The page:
Language Education for Social Justice: Conference and 37th Summer School of Applied Linguistics

Language Campus, University of Jyväskylä, Finland

June 1–3, 2020



What does social justice have to do with language education? Why do we need to talk about social justice as language teachers, teacher educators, and researchers? 

Nordic countries are often associated with social welfare and strive for egalitarianism. However, linguistic injustice prevail also there, and not all languages and linguistic practices are equal and associated with the same opportunities and privileges in and beyond educational contexts. In addition, linguistic injustices are never just about language. Factors such as race, ethnicity, gender, social class, ability, and sexual orientation are intrinsically linked to language and shape local, national, and international language attitudes, ideologies, and policies. What can researchers and educators do in order to take steps towards a more just field of language education? If the goal of education is to diminish social inequalities and support students in becoming socially conscious, critical, and engaged members of society, what kind of resources, skills, and teacher support is needed to achieve this?

Social justice is not something that can be brought about by an individual, it needs a community, a movement, institutions, and gatherings like this conference. This year, we particularly invite teachers, teacher educators, and researchers interested in language and education to join us in thinking about how to improve language education for all. We hope that as part of this conference, we will discuss questions including but not limited to:

  • How can language education be a space where students and teachers learn together to see and challenge existing patterns of privilege and injustice?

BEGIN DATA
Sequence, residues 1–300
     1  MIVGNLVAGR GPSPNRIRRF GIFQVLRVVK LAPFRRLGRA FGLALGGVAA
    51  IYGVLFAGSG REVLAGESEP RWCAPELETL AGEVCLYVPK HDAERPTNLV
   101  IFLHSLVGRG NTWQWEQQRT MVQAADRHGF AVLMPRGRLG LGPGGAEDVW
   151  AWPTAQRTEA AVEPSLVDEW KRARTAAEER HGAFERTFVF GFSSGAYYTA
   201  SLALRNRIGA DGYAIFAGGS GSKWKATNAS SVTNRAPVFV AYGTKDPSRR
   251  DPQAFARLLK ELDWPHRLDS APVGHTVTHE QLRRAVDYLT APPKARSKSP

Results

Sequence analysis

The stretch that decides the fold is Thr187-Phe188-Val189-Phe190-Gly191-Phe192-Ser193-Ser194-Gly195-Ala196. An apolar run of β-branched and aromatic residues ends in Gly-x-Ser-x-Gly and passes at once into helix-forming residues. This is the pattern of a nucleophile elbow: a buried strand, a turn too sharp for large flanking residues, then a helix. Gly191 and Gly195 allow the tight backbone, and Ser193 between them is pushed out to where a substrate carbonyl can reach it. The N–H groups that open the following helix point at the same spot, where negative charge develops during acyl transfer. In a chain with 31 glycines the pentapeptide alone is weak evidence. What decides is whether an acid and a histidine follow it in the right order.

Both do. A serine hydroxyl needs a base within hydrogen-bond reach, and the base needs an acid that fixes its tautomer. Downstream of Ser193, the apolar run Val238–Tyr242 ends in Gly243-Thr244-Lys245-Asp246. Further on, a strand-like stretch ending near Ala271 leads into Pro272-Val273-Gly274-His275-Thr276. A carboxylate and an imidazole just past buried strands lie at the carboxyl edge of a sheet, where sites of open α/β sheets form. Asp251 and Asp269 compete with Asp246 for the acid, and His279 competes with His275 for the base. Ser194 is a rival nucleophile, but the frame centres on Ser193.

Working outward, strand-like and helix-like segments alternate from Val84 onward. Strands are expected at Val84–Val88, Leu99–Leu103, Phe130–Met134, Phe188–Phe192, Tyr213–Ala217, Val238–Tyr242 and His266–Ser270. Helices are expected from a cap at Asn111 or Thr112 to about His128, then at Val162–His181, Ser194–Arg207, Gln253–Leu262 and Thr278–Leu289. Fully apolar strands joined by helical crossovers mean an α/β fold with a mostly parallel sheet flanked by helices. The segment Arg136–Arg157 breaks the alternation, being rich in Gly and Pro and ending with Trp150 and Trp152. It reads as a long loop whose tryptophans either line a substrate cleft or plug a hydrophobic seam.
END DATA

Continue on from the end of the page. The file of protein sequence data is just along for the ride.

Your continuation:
• What is needed to support teachers in promoting linguistic and cultural equity and equip them to support each other in developing/implementing respective pedagogies?
  • How can research look at and beyond language in education with the goal of being a catalyst for critical thinking, democracy, equity, and peace?
  • How can language education and research support, respect, and better understand each other with the goal of making language education more equal and accessible for all learners?
  • How can both education and research turn a critical eye on themselves to recognize their complicity in perpetuating injustices and learn to do better?


Keynote speakers

Sonia Nieto, University of Massachusetts, Amherst

Lou Harvey, University of Leeds

Birgul Yilmaz, University of Westminster

Venla Bernelius, University of Helsinki


Invited workshops

In addition to keynotes, we are organising invited workshops with keynotes and other invited researchers and practitioners. Two of them will be offered by Jenni Alisaari (University of Turku) and Jessica Bradley (University of Sheffield).



We warmly invite teachers, researchers, teacher educators, students, and everyone interested in language education for social justice to submit their proposals. We particularly encourage teachers to submit their contributions of classroom-, school-based, academic and otherwise teaching/learning-related work. Topics can address the conference topic in a multiplicity of ways, for instance as introduction of an urgent issue/question, as project idea or report, as story about school life and experiences, personal review of teaching and learning materials, or observations and opinions about recent developments in schools and education.

We hope for submissions in a variety of formats, and welcome multimodal and/or multilingual submissions:

  • Workshops and colloquia (2h) for practitioners and/or researchers
  • Multimodal formats such as performances and visual representations (e.g., vimeos ...) (30 min)
  • Small group discussions (e.g., fish bowl, debates, dialogues …) (1h)
  • Short speeches and rants (e.g. speaker’s corner, TED-like talks …) (5 min)
  • Papers (30 min)
  • Your own genre (30 min)

Please submit a 300-word description of your planned contribution, including the following information:

  • What is your topic and how does it relate to the conference theme?
  • What is the aim of your contribution?
  • Who do you hope to be your audience (e.g., teachers, researchers …)?

Submission link:

Extended deadline: 15 January  2020 


Co-chairs Johanna Ennser-Kananen and Sari Pöyhönen